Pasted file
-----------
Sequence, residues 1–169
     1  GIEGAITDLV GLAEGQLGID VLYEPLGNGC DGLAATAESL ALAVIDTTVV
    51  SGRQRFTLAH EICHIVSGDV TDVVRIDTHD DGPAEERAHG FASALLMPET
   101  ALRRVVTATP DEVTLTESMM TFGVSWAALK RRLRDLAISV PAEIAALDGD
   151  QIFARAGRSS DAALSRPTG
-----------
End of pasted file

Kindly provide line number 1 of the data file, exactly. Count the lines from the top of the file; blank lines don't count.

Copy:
Sequence, residues 1–169